About IWW in Whatcom and Skagit Counties

Fellow workers,

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IWW marches in the streets of Everett. November 5, 2016

The Whatcom-Skagit Branch of the Industrial Workers of the World (IWW, commonly called ‘Wobblies’ or ‘Wobs’) is organized to help workers gain their rights and more power in their workplaces, form unions that are member-controlled,  to support one another in our efforts, and to spread solidarity around the region. Our branch was chartered by the IWW General Administration in January, 2015.

IWW is a dues-paying, membership controlled union and solidarity organization. Dues are low and based on income. All workers are urged to join us, one-by-one or by the whole shop. See the Join IWW page to learn about membership. We especially seek food service and retail workers to join us and help spread our organization into those industries.

ACTIVITIES

Whatcom-Skagit IWW membership continues to grow. Our members include cooks, bartenders, baristas, roofers, bookkeepers, teachers, warehouse workers, legal workers, musicians, students and retired people. Many of us have taken an Organizing Training course (offered by the Organizing Board of the IWW). Some members are organizing in their workplaces. We have walked picket lines for other unions. Before and since the famous victory of the Familias Unidas por la Justicia farm workers union at Sakuma Bros. Farms, we marched, boycotted and picketed in solidarity. Wobblies have walked the line with the United Steelworkers 12-591 at Tesoro in Anacortes; in Bellingham with Teamsters at Bellingham Cold Storage,  SEIU 1199NW hospital workers at Saint Josephs, Bellingham Education Association staff at Bellingham Technical College, Starbucks Workers United). We look forward to having our own IWW shops organized. We have a seat on the Northwest Washington Central Labor Council. and may be the only IWW branch anywhere represented on a CLC.

Follow Whatcom-Skagit IWW on Facebook!

EARLIER HISTORY

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Bellingham IWW hall at 604 W. Holly, around 1919.

IWW was formed in Chicago in 1905. We are trying to learn about the early 20th Century history of the IWW in the area (see our webpage devoted to this). Many records were destroyed during police and vigilante raids during the WW1-era ‘red scares’. We know there was an active membership in Bellingham in 1906, only one year after the organization was formed, as the union took a strong stand against the infamous expulsion of Sikh workers in Bellingham. The IWW issued a statement denouncing the anti-Sikh riots by AFL unions and merchants as “injurious to the welfare of workers”. We are still learning about IWW in Bellingham in the first half of the 20th C. We are combing newspaper and in-house sources for more information.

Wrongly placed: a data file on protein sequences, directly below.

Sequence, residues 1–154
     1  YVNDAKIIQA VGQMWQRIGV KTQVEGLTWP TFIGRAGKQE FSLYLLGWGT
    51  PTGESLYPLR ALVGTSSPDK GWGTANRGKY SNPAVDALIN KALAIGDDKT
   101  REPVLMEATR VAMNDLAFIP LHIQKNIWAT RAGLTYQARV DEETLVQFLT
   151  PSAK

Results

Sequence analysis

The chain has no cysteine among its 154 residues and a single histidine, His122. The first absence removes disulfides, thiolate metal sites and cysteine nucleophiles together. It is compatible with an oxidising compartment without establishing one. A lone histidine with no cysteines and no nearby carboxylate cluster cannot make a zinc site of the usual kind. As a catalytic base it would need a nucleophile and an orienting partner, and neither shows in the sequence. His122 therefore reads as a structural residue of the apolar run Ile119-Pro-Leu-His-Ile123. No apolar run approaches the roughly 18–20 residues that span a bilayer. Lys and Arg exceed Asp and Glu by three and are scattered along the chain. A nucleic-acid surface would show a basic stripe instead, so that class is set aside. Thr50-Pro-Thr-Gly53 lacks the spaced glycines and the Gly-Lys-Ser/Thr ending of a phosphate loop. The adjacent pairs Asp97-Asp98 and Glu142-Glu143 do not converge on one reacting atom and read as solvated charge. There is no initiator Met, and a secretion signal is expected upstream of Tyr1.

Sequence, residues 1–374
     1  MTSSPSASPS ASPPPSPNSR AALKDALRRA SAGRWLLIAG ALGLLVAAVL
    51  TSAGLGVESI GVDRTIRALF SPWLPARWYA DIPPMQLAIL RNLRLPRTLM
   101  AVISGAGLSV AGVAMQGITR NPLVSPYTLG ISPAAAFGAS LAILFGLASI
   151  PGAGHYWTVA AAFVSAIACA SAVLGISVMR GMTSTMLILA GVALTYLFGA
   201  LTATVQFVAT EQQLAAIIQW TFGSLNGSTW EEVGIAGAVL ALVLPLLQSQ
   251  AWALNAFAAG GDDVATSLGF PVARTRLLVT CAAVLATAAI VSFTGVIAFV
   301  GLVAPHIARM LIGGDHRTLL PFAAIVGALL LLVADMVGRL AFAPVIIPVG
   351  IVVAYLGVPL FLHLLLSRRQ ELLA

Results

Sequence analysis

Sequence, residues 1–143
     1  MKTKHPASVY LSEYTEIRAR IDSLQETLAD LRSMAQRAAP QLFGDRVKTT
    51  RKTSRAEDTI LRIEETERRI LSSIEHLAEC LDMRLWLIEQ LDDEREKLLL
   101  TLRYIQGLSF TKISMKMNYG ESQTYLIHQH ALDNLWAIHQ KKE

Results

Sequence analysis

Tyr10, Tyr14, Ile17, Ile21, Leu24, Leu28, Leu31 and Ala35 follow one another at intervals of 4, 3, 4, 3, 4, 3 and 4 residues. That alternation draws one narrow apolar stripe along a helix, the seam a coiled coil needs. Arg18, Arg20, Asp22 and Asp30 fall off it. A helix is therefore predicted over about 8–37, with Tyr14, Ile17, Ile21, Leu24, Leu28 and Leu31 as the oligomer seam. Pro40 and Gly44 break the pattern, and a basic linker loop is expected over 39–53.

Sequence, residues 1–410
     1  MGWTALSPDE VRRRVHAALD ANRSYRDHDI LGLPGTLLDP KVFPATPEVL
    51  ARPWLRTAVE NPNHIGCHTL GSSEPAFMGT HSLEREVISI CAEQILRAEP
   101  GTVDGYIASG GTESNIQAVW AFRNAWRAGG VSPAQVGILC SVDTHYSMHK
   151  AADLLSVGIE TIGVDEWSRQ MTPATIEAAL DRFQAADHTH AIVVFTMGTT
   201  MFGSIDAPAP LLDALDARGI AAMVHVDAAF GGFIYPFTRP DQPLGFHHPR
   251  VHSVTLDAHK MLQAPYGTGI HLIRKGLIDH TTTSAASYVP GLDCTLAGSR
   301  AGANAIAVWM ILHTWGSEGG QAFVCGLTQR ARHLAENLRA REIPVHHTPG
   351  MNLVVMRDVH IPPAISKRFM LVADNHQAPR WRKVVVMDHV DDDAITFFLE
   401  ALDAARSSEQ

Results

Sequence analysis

My beautiful picture
Bellingham Wobblies gather for May Day, 1981.

There was a very vibrant IWW General Membership Branch (GMB) in Bellingham in the 1980s and early ’90s. We organized workers in a number of shops and had a diverse and active membership. Several dozen Bellingham wobblies walked picket lines with striking workers (ILWU and ATU Greyhound strikers come to mind) and ran a Labor Film Series at the Central Labor Council hall. One of our most successful programs was ‘Food for People’. IWWs and supporters got food donations from local grocers and put on a monthly dinner, sometimes serving 100 or more, followed by labor films, speakers, and musicians. There was one Job Shop, Fairhaven Cooperative Flour Mill, and successful job actions at several other companies, including Brentley Softpacks and among the Vietnamese workers at the Mount Baker Mushroom Farm. We also had some damn fine May Day parties and other socials. One of those members was elected to serve in Chicago as the union’s General Secretary Treasurer.

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Bellingham Wobs leaflet at the Mount Baker Mushroom Farm in Everson. 1984
Preparing food for a Food For People dinner at the old Fairhaven Cooperative Flour Mill. Note the IWW banner. 1982
Preparing a Food For People dinner at the Fairhaven Cooperative Flour Mill. Note the IWW banner. 1982
Picketing on behalf of ILWU Longshoreman at the odl Port of Bellingham canning shop (where Amtrak/Greyhousnd is today). 1982
On the picket line with ILWU Longshoreman at the old Port of Bellingham canning shop (where Amtrak/Greyhound is today). 1982

The Bellingham GMB of that era eventually faded away as members left town for work, or had kids, or decided to direct their interests elsewhere.

TODAY

The Whatcom-Skagit General Membership Branch was chartered by the IWW General Executive Board in January, 2015, and membership has grown, slowly but surely.

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